Complicated cystitis requires more tests and treatment than simple infections.


    Which doctor to contact in case of cystitis

    If you suspect cystitis, you should contact a doctor as soon as possible. This can be the family doctor but also an urologist or gynaecologist. It is important to get treatment soon. Also, this can initially be done by remote diagnosis.


    Diagnosis of cystitis

    The doctor will ask you about the above-mentioned symptoms, which are typical for cystitis. He will rule out that you have fever, chills, nausea, vomiting, flank pain or other symptoms that may indicate a more serious infection. If you have had cystitis before, your doctor may be able to diagnose the problem by phone. Based on the validated questionnaire ACSS (Acute Cystitis Symptom Score), the diagnosis of acute, uncomplicated cystitis can be made with certainty based on clinical criteria. If the symptoms do not exactly match those of the previous cystitis, you will probably need to pay a visit to the outpatient clinic or doctor’s office.

    Women with first-time cystitis, as well as all men, children, and people with potentially complicated cystitis must see a doctor. The doctor will perform a urinalysis to look for signs of an active infection. Before releasing a urine sample, you should clean your urethra opening. The urine sample must be taken during urination (so-called middle jet urine) in order to avoid contamination with bacteria living around the urethra entrance. The urine is then examined for white and red blood cells, as well as bacteria and cell residues. A culture can also be created from the sample in the laboratory, to identify the exact type of bacteria.

    As a rule, the so-called sensitivity tests are also carried out to determine which antibiotics can effectively combat the infection.

    In ultrasound, the bladder is examined for residual urine after urination and in case of a complicated infection the kidneys for drainage obstructions.

    In the case of chronic or repeated cystitis, a bladder reflection is also carried out.

    For complicated or repeated cystitis, an extended examination program is necessary, which includes urethral swabs and an analysis of the semen and prostate fluid in men. A functional assessment of the storage and emptying function of the urinary bladder is carried out by measuring the urine jet on a special toilet (uroflowmetry) and measuring the pressure of the bladder (urodynamics). For the morphological assessment of the urinary system, contrast agent examinations are used as urinary bladder function chromatography (mication cystourethrography - MCU), computed tomography (CT), or magnetic resonance imaging (MRI).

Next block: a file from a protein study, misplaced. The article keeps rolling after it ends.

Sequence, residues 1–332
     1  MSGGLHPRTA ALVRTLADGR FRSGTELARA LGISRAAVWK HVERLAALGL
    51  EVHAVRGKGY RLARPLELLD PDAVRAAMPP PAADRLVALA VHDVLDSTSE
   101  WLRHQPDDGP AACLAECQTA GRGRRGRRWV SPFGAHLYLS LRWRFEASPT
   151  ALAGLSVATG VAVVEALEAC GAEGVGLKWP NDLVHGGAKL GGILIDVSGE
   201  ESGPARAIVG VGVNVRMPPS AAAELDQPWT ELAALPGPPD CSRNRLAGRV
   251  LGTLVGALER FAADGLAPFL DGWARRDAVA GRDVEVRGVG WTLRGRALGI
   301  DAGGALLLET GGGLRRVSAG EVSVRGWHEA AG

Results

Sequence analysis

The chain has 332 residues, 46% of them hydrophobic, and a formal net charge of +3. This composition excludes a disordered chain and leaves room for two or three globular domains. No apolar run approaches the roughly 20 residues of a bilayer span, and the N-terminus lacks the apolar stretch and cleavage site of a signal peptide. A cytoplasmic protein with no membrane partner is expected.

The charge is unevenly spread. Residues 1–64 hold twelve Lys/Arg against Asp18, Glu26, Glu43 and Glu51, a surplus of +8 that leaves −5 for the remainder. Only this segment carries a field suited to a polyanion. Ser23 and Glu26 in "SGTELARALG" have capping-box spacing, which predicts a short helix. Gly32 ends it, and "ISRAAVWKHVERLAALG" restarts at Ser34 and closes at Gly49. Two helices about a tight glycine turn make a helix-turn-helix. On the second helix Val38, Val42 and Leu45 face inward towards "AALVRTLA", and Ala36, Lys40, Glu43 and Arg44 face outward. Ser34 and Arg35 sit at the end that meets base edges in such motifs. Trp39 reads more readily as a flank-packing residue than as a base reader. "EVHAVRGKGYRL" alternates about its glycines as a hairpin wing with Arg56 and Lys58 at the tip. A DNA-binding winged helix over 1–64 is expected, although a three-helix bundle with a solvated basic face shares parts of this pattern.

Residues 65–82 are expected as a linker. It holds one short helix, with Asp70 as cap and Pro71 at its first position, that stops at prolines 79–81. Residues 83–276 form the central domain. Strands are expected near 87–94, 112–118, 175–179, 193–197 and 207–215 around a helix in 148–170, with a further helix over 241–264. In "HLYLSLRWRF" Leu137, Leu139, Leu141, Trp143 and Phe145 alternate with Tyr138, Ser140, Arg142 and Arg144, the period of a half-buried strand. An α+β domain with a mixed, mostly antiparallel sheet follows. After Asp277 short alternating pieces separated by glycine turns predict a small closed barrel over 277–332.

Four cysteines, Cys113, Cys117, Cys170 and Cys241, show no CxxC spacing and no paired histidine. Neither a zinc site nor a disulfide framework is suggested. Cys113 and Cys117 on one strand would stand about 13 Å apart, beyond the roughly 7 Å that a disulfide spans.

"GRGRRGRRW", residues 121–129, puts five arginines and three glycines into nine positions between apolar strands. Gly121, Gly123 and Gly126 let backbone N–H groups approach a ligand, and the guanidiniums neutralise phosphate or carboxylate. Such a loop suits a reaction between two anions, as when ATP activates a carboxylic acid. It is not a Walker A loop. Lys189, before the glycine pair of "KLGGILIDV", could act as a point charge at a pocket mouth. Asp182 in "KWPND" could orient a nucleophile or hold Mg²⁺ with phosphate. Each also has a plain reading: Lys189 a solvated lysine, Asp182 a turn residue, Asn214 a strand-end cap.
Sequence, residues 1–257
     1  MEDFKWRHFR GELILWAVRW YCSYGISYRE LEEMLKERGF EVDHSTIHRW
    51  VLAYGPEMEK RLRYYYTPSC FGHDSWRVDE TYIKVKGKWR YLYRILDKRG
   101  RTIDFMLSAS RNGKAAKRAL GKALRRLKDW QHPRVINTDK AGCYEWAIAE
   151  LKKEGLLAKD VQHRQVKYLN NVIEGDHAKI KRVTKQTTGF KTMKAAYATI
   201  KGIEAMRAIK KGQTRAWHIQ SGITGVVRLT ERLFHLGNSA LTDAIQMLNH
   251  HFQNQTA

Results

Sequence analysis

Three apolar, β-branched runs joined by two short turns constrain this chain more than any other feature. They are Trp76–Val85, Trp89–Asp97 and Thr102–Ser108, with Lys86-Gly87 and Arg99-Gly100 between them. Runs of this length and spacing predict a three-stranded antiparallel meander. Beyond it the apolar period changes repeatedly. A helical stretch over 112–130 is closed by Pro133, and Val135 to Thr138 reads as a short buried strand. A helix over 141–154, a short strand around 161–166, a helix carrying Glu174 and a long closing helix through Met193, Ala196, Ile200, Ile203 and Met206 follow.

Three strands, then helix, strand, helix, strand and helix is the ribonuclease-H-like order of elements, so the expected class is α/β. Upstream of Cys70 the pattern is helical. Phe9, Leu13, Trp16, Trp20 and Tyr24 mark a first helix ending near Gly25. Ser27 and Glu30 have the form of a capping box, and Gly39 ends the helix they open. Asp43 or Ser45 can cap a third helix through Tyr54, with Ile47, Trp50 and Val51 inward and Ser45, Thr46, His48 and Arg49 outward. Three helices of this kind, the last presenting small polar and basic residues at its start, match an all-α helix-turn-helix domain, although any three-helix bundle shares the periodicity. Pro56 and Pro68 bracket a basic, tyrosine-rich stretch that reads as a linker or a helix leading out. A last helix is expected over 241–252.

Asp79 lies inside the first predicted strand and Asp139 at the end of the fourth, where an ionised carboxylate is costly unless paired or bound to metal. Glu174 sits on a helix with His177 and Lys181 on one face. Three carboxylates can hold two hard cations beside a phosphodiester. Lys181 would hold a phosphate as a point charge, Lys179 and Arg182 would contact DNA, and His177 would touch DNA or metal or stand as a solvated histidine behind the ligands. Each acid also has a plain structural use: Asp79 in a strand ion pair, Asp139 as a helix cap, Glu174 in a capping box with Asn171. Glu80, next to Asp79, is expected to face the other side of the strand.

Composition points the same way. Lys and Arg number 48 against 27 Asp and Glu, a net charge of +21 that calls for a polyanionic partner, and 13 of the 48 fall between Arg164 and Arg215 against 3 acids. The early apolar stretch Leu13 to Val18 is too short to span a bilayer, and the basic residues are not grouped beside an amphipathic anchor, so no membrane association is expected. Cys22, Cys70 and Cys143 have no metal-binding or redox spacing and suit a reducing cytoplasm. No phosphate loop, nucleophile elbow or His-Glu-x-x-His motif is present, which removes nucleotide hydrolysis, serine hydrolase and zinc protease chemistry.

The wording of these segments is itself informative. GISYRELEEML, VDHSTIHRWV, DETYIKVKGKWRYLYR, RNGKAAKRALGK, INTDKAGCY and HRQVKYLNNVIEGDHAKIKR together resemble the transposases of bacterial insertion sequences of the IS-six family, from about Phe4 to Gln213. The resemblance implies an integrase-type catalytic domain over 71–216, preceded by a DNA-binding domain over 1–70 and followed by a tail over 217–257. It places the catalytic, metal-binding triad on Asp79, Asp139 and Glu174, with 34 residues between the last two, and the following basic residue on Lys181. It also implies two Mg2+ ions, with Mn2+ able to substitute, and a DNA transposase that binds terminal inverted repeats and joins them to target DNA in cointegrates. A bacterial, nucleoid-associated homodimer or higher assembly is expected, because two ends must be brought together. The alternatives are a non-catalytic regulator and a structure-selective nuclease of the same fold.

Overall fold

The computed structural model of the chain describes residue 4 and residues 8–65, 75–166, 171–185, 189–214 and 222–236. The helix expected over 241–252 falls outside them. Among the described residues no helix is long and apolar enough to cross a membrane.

Therapy

    A drug therapy experiment can be undertaken without antibiotics. For example, Ibuprofen 3 x 400 mg over 3-5 days or Diclofenac 2 x 75 mg can be used in this case. In the absence of improvement, simple cystitis in women is usually treated with one of the following antibiotics:nitrofurantoin twice daily for 5 days, fosfomycin as a single oral dose before bedtime, Nitroxoline 250 mg three times daily for 5 days, or pivmecillinam 400 mg three times daily for 3 days.

    According to the current guidelines, the following preparations are no longer to be used as the first choice for uncomplicated urinary tract infections: trimethoprim, cotrimoxazole, cefpodoxime, and ciprofloxacin. Unfortunately, one-fifth of those affected do not take the prescribed antibiotics at all and only one-third take them correctly! The health risk of inadequate or improper treatment is almost always higher than the risk of possible side effects. If intolerances or allergies are known, you should inform the treating doctor.

    Women with recurrent cystitis (more than two per year) may benefit from preventative antibiotics taken either as a regular dose or after sexual intercourse.

    Complicated cystitis is more difficult to treat. The choice of antibiotic, the strength of the drug, and the duration of treatment vary according to the circumstances. In most cases, antibiotics must be taken for 7 to 10 days.

    The first-choice remedies are ciprofloxacin, levofloxacin, cefpodoxim, ceftriaxone, and cefotaxim. Ideally, the antibiotic therapy takes place specifically after the presence of bacterial culture and resistance testing. Patients with severe symptoms (fever, confusion, nausea, and vomiting) indicating that the bacteria have spread to the kidney or blood should normally be treated in the hospital.


    How long does cystitis last?

    In women with simple cystitis, the symptoms often improve within hours of taking the first dose of antibiotics. All symptoms should disappear within three days after the end of the antibiotic treatment. Without antibiotics, cystitis can take much longer to heal. If despite antibiotics there are still symptoms, it may be necessary to re-examine the urine in order to find out whether the pathogens are resistant to the antibiotics and to prescribe an antibiotic specifically directed against this bacterial strain.